• Increased fiber intake:

    Your vet may recommend switching your cat to a high-fiber cat food. You also can add high-fiber foods like canned pumpkin to your cat's diet.

  • Enemas: 

    Severe cases of feline constipation or cases caused by underlying diseases like cancer or tumors typically require surgical intervention. Surgery may be needed to manually evacuate the bowels or to remove obstructions in the intestines and stomach.

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Recovery of Constipation in Cats

With proper treatment, most cats afflicted with minor cases of feline constipation recover quickly. They do not need prolonged veterinarian care to resume normal movement of their bowels. 

You can help your cat's bowel health by making sure it has plenty of fresh water to drink and by adding fiber to its diet. You should also ensure your cat remains a healthy weight and gets enough exercise each day.

If your cat's constipation is caused by cancer, bowel obstruction, or another illness, it may need regular veterinary care to keep the underlying illness in check. Your vet may wish to x-ray or examine your cat every few months to ensure its proper bowel function.

You can also safeguard your cat's bowel health by keeping foreign objects like string, bottle caps, and other small items out of your cat's reach. This precaution ensures that your cat cannot swallow foreign objects that can cause constipation.

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Constipation Average Cost

From 387 quotes ranging from $400 - $2,000

Average Cost

$800

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Constipation Questions and Advice from Veterinary Professionals

Need pet health advice? Ask a vet

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Ask a Vet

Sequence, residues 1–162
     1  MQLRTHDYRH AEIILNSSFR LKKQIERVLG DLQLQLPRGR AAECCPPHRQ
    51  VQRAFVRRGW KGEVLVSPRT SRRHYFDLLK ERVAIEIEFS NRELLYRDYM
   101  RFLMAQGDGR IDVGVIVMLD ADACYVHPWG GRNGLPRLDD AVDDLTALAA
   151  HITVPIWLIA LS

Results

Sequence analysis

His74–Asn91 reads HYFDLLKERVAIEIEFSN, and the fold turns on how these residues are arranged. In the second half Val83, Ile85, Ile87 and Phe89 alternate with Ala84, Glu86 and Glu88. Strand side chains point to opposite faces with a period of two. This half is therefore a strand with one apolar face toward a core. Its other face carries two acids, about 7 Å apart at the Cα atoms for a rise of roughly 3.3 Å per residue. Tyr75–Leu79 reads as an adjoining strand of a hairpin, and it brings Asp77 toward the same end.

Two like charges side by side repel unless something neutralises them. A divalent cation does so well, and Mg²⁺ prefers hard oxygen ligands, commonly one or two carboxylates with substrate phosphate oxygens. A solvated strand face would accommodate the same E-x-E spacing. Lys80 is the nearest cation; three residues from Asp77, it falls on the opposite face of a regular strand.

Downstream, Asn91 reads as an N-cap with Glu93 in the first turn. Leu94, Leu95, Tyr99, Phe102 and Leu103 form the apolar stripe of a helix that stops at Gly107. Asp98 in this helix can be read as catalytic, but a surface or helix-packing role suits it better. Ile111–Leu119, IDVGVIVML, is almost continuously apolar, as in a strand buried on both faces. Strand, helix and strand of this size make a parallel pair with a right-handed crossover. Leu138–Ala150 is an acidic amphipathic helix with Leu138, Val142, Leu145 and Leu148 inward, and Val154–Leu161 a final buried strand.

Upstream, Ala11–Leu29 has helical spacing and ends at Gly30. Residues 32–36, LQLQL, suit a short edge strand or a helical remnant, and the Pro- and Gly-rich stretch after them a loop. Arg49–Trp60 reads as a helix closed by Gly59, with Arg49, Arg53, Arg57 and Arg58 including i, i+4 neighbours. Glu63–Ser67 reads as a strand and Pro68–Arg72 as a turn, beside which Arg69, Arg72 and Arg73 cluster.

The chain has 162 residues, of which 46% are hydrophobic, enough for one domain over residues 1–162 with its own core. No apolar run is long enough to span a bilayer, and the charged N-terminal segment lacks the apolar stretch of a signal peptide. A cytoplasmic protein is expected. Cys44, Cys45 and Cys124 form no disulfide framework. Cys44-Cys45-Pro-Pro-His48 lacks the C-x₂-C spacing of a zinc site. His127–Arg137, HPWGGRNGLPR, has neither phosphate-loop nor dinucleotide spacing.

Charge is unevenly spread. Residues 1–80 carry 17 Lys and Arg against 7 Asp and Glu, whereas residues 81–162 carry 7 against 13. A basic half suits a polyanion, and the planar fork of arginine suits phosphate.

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DSH

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Three Years

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Unknown severity

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1 found helpful

pill-rating-filledpill-rating-filledpill-rating-filledpill-rating-filledpill-rating-filled

Unknown severity

Has Symptoms

No Stool

Cat has been on Clavamox and Onsior for 2 days for treatment of drained abscess. He is eating, drinking, urinating fine. Doesn't seem like hes in pain, Acting normal. Hasn't defecated in 2 days

July 31, 2020

Owner

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Dr. Michele K. DVM

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1 Recommendations

Thank you for your question. If he did not eat for a day or two, it may be a little bit before he starts to have regular bowel movements. That may also occur if he had diarrhea. If he is not straining to defecate, and seems comfortable and is eating and drinking normally otherwise, you may be fine to continue to monitor him and give him his medication. I hope that all goes well for him.

July 31, 2020

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Domestic cat

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14 years

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Unknown severity

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1 found helpful

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Unknown severity

Has Symptoms

Hard Stool With Mucus, Stool Full Of Hair, Straining And Crying In The Litter Box, Unproductive Litter Box Visits, Loud Crying, Vomiting

My cat was acting normal last night, but this morning he woke me up with loud crying (he has never made this noise except when under extreme stress or pain) and he behaved like he was hurt. Soon after, I saw him straining in the litter box, also in pain and unable to pass anything. He stopped crying at this point. The other droppings in the box were hard stools, some with mucus and some that looked filled with fur. He is also elderly & has an aggressive squamous cell carcinoma which is being treated palliatively. Should I take him to the vet even if he improves while I am at work?

July 30, 2020

Owner

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Dr. Sara O. DVM

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1 Recommendations

Hello, So sorry to hear ao ut your cat. Male cats can have a urinary blockage that can be very painful. If he cannot urinate, he needs to go to the vet ASAP. You can try to use cat hairball medication to help him poop easier but he would need to see a vet if he cannot urinate as this can be a life-threatening emergency.

July 30, 2020

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Constipation Average Cost

From 387 quotes ranging from $400 - $2,000

Average Cost

$800

Vet bills can sneak up on you.

Plan ahead. Get the pawfect insurance plan for your pup.